* How will next attorney general enforce regulation?
* May be forced to support a law he/she disagrees with
By Edith Honan
NEW YORK, Sept 10 All of the candidates running
to be the next New York state attorney general support some
form of moratorium on natural gas drilling and put the burden
on industry to prove such drilling can be done without
endangering drinking water.
In interviews this week with Reuters, all five candidates
running in Tuesday's Democratic Party primary said they
supported in principal a drilling ban in areas like the New
York City watershed, which serves 9 million people.
The five all back a moratorium on drilling pending further
study. But the sole Republican candidate, Staten Island
District Attorney Dan Donovan -- who will compete against the
Democratic nominee in the Nov. 2 election -- supports a
year-long moratorium for further study, but opposes specific
"If there is a safe way of doing it, it should be done
because the amount of jobs and the clean energy we would be
able to gain from the drilling would be very valuable to our
state," Donovan said.
New York state sits atop part of the gas-rich Marcellus
Shale formation, and gas companies such as Chesapeake Energy
(CHK.N) have clashed with environmental groups over what
regulations will be needed to ensure drilling can be done
without harming drinking water.
At issue is the extraction process known as hydraulic
fracturing, or "fracking," which involves blasting millions of
gallons of water, sand and diluted chemicals into shale rock,
breaking it apart to free natural gas.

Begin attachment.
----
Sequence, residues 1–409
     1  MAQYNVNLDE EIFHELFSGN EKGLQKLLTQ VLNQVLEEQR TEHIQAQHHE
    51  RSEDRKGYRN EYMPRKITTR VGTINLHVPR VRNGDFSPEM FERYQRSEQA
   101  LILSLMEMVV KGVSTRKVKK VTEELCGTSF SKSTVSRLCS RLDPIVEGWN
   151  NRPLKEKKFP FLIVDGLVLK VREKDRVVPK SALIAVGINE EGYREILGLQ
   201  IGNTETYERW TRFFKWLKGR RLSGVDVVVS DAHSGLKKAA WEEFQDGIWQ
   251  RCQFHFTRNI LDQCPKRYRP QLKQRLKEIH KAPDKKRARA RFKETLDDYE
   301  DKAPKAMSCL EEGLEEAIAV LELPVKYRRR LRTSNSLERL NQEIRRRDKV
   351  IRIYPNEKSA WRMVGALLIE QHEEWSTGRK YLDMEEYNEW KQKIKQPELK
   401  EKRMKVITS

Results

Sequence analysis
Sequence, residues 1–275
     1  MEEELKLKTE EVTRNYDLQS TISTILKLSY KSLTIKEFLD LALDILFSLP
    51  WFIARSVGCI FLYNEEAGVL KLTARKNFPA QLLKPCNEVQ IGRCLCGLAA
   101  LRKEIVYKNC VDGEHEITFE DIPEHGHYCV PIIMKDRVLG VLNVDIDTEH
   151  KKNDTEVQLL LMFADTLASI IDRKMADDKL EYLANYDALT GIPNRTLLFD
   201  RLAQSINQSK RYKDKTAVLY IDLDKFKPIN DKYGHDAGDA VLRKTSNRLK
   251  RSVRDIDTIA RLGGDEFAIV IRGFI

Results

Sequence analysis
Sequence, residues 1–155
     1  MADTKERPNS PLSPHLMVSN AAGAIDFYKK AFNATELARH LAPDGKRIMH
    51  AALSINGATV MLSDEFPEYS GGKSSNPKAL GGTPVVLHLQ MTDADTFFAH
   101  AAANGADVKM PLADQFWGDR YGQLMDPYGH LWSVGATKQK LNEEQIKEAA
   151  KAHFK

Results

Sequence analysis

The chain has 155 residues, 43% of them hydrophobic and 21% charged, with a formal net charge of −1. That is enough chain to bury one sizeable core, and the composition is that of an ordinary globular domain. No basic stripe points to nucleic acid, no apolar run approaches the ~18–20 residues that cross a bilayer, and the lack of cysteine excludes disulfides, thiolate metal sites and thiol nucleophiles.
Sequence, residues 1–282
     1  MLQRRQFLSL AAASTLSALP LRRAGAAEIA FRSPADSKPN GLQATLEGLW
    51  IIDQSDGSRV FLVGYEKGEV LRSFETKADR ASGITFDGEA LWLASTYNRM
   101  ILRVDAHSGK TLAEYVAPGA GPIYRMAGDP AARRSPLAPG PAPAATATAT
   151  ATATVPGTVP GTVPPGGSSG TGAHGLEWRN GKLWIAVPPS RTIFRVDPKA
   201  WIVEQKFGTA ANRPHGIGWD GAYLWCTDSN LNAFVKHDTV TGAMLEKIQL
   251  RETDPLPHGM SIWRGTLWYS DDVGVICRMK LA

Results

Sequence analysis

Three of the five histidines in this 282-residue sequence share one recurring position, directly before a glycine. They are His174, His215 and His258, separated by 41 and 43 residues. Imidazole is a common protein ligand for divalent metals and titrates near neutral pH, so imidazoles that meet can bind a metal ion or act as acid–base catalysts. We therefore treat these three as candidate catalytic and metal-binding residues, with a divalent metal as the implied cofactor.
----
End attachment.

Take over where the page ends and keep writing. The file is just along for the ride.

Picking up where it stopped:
The New York state Senate passed a nine-month moratorium in
August, effectively passing the decision-making power on the
matter from Governor David Paterson to his successor, who will
also be elected in November.
The Assembly has not voted on the measure.
Sean Coffey, a former trial lawyer who is one of the
Democratic candidates for attorney general, said protection was
paramount because error was inevitable.
"It's a process that involves humans and machinery," he
The Democratic field also includes Nassau County District
Attorney Kathleen Rice; Eric Dinallo, a former assistant
attorney general under Eliot Spitzer; and two state legislators
-- state Assemblyman Richard Brodsky and state Senator Eric
POSITIONS ON THE MERITS
The attorney general's job description states the office
holder represents state agencies as well as acts as a guardian
of environmental laws. One of those agencies is the Department
of Environmental Conservation (DEC), which will set out
drilling guidelines in its environmental impact statement
expected next year.
Environmentalists say that raises a possible tension.
"The first decision the attorney general is going to have
to make is whether to defend DEC in court when multiple parties
litigate against the state," said Craig Michaels of the
environmental group Riverkeeper, adding he can "almost
guarantee" the issue will end up in court.
"Which is more important to the attorney general's office?
Upholding the environmental laws or representing the state
agencies that are tasked with carrying out those laws?" he
Brodsky said he is concerned about the risks posed by
drilling, but said that from a legal standpoint the attorney
general would absolutely have to defend the DEC's position.
"I don't care what people's positions are on the merits of
hydrofracking. If the DEC issues regulations and permits and
those regulations are challenged in court by the citizenry, the
attorney general will be defending" the DEC, Brodsky said.
Asked if that meant supporting a law he disagreed with,
Brodsky said: "Lawyers do it all the time, right?"
That sentiment was echoed by Eric Dinallo, who served as
deputy attorney general under Spitzer, but Dinallo added that
there was room for the attorney general to influence the
environmental body behind the scenes.
Jim Smith, spokesman for industry group the Independent Oil
and Gas Association of New York, said he looked forward to
bringing experts to the attorney general's office to explain
that the technology is safe and environmentally sensitive.
"Long ago, the discussion has become not about the facts
and about yelling at one another," he said.